The origin of the harmonica ktclubs.com

The origin of the harmonica

The Harmonica is a new musical instrument, originally invented in Germany, although it has a history of over a hundred years, it has only been introduced to China for 40 or 50 years. The most developed are Germany and Japan, and Japan in particular is the most widespread, with many of the harmonica's playing methods invented by Japanese enthusiasts.
The harmonica is now recognised as the most convenient musical instrument, some people call it the 'piano in your pocket', and musicians even boast that 'you can enjoy a beautiful symphony with just a few harmonicas'.



The history of the harmonica dates back to 3000 BC (2674 B.C. in the first year of the Yellow Emperor) when Nyn-Kwa the Great of China invented the "sheng", which is the ancestor of the harmonica. (Note: The sheng is a bamboo instrument that uses bamboo as a reed to produce sound)
In the 18th century (Chinese Yuan Dynasty), Marco Polo brought the 'sheng' back to Europe, and its use of reeds (bamboo) to produce sound led to the invention of the pedal organ, accordion, saxophone and harmonium.

In 1812, a German watchmaker made the world's first harmonica, with 21 tones, which the watchmaker called the "mundaeoline" (German for mouth).

As far as we know today, the harmonium originated with the 16-year-old Bachmann, the first registered European patent for his musical innovation, which he named "aura". The instrument is made of a series of reeds arranged horizontally (somewhat like the harmonica of today), which is very awkward to play because it is chromatically arranged and has only one blowing tone. Bachmann introduced his brother to this remarkable invention, which, although only four inches in diameter (about 10.18 cm), had twenty-one notes, could be played without a keyboard (piano), and had six keys, each of which could be played for as long as one wished.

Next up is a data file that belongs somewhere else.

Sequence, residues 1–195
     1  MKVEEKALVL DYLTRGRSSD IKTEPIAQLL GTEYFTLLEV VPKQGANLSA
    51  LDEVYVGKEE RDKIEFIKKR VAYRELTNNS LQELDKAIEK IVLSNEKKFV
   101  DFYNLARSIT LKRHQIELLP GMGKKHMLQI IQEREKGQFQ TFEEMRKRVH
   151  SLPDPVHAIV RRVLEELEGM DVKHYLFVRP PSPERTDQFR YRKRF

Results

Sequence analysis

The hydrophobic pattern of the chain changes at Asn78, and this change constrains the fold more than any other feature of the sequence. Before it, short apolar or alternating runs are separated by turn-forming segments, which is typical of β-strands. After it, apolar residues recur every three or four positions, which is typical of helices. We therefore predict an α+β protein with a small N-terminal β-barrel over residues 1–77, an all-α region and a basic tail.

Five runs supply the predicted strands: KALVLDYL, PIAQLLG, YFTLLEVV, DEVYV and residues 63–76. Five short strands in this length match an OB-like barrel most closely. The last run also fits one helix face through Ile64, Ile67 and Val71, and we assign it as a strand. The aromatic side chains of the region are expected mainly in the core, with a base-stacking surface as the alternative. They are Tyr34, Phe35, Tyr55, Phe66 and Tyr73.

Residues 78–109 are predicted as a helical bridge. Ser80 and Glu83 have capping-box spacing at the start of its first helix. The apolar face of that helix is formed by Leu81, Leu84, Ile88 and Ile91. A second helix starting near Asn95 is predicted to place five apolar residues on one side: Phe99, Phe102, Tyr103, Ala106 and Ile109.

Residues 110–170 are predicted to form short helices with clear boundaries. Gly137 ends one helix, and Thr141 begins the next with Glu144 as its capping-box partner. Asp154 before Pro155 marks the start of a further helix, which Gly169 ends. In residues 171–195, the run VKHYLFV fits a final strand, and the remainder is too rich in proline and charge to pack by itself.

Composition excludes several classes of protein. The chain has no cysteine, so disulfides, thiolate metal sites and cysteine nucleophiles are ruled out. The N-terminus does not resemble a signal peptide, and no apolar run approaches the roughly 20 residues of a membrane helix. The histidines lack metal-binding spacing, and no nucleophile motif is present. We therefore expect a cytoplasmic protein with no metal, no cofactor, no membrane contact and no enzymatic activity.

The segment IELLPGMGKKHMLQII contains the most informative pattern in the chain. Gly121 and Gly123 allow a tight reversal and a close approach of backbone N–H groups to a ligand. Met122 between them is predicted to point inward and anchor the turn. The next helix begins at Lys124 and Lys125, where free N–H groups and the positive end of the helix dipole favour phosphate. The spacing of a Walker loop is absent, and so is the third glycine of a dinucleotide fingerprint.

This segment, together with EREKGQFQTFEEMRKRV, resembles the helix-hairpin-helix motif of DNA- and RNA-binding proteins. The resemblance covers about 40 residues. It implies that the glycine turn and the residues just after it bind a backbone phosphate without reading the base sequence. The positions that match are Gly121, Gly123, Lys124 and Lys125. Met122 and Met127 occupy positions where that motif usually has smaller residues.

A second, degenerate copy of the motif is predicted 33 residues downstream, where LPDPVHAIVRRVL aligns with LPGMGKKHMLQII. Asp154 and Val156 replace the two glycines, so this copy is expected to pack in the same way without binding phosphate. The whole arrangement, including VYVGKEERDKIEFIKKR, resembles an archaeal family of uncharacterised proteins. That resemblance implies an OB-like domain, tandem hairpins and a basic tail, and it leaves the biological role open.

In 1826, Richter transformed Bachmann's invention into the harmonica known to Europeans.

It was not until 1857 that the history of the harmonica took a dramatic turn. A German watchmaker, "Hohner", turns into a full-time harmonica maker. With the help of his family and a worker, he produced 650 harmonicas that year. Later, he hired additional workers in the area and developed the skills to make a large number of harmonicas. The young 'Horner' was an outstanding businessman, and his business savvy was evident in the way he decorated the outer casing of the harmonica and stamped the name of the manufacturer on it.

This made Ho & Co. the world's leading harmonica manufacturer. By 1887, over one million harmonicas were being produced each year. Today, Ho's produces over ninety different types of harmonica, in a wide variety of keys, and can play classical, jazz, blues, country, rock... They play classical, jazz, blues, country, rock and roll, and even original music from around the world.

In 1857, at the age of 24, the German Matthias Hohner saw the harmonica as an opportunity to start his own business and opened a factory in the town of Trossingen, where the harmonica was produced in large quantities by a production line.
The market for the harmonica gradually opens up in Germany and Europe, and grows every year. When Hohner's Cousin emigrated to New York with a few harmonicas, the market moved to the United States. (Let's go to Hohner)

After the American Civil War, the harmonica became a popular instrument for soldiers in both the North and South, as it was easy to carry.

The origin of the blues harp is still unclear (just as the origin of blues music is not known). Perhaps the fact that the harmonica could be pressed was discovered inadvertently, and the harmonica was then adapted to its present form (the blues harmonica) to imitate the moans and cries of the field holler, and the Blues Harp Style allowed the two important notes b7 and b3 ("blue" note) of the blues to be played.

The influx of black Americans into Chicago after the Second World War gave rise to a number of outstanding blues players, including blues harmonica players. These virtuosos produced the sound of Chicago-style blues harmonica - voice-like sounds such as eerie howls, raucous yells to whispers and sighs - which were striking sounds that immediately drew the listener's attention.
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